June 21, 2017 8:32 AM

Passive Attraction - Getting Your Company Noticed by Passive Candidates

LinkedIn’s recent article on the top companies of 2017 and their methodology in compiling the list got us thinking about what it is that attracts people to these businesses. It also made us wonder how we in the recruitment industry can do more to make our own companies and the workplaces we recruit for more attractive to candidates. Can we follow their lead?

Making your place of work more appealing to people who are actively seeking employment isn’t all that difficult. After all, they’re looking for a job, and you have one to give. Sounds simple. But what about the passive candidates, the superstar employees that have settled in their jobs, and that you would do anything to get into your talent pipeline. How exactly can we make ourselves more attractive to those that have no real interest in leaving their current positions?

If anyone knows how to attract passive candidates, it’s the companies on LinkedIn’s list and so with this in mind we analyzed what it is that makes these companies stand out from others. A pot of coffee and a lot of reading later, we came to these three conclusions.

The brand image is king (sometimes)

A company’s corporate social responsibility (more on that later) is incredibly important to today’s candidates as is the company’s public image. People’s attitude to where they work has seemingly come full circle, and no longer is it all that impressive to say you work at some never heard of start-up when your friend works for Google. Generally speaking, candidates now want to work for recognized brands.

Having said that, there are some instances when public opinion of the company doesn’t seem to matter at all. With Uber’s recent troubles you would expect that very few people would want to work there, but they are, in fact, more popular this year than last. It seems that many candidates are prepared to ignore the bad press in order to work for a company that aspires to be a game changer.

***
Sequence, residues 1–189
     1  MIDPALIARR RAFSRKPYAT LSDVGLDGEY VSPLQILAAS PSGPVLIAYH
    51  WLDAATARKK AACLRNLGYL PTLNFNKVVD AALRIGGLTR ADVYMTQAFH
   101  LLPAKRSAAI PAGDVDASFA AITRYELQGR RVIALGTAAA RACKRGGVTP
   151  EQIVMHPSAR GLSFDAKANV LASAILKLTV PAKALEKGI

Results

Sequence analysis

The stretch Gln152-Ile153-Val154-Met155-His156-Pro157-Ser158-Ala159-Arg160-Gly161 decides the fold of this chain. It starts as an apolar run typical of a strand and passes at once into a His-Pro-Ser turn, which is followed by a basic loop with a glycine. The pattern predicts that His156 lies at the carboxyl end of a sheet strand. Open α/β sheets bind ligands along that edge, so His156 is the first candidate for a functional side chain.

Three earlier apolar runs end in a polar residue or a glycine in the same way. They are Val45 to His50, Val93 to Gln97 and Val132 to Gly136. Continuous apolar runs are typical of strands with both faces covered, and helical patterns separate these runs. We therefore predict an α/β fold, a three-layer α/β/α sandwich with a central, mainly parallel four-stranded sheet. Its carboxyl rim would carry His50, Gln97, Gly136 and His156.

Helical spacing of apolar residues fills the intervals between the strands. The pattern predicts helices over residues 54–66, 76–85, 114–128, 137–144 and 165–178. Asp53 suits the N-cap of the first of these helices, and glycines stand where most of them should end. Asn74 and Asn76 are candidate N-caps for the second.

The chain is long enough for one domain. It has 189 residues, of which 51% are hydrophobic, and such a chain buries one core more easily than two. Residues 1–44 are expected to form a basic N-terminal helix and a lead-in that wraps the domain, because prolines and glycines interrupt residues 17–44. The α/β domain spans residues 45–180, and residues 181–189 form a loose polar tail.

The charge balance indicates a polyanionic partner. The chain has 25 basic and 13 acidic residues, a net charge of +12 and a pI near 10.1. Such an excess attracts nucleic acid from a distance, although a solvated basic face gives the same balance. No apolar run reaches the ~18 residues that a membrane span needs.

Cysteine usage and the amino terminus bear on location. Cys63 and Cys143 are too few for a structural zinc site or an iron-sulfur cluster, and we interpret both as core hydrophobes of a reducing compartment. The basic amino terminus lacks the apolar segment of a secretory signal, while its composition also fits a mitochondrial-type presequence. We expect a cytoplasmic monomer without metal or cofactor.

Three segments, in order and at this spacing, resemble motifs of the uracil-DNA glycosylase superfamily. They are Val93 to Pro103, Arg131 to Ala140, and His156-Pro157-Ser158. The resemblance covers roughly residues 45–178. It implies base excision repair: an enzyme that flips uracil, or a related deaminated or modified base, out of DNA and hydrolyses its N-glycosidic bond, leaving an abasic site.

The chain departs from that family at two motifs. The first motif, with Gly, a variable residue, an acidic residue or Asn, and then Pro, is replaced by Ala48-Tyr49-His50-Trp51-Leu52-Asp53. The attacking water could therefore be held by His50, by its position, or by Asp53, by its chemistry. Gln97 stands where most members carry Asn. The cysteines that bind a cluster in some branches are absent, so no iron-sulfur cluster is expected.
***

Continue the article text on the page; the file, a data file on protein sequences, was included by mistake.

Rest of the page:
Candidates want to work for revolutionary companies

Considering that Google and Facebook dominate their respective industries, it’s hard to imagine them as being revolutionary companies, but that is exactly what they are. They challenge the status quo in such a way that is audaciously innovative, and that makes them an attractive option for candidates that want to push their limits.

Others such as Uber and Airbnb are on similar paths, and the perceived notion that they are breaking up monopolies and revolutionizing their respective industries endears them to even the most passive of candidates. After all, everyone wants to be a revolutionary.

Work culture is everything

If brand image is king then work culture is everything. The employee of today is no longer primarily driven by salary (although they do want to talk about it). They also want to feel proud of the brand they represent and know that the brand has their back.

This is why the most successful companies on the planet ensure that their workplace is the kind of environment that encourages both development and freethinking, and is a place where employee happiness is a priority.


Getting noticed

Of course, not every company can be a Google or Amazon. It’s possible however to implement a few strategies that will help a company increase their standing with prospective job candidates, passive or not.


Get social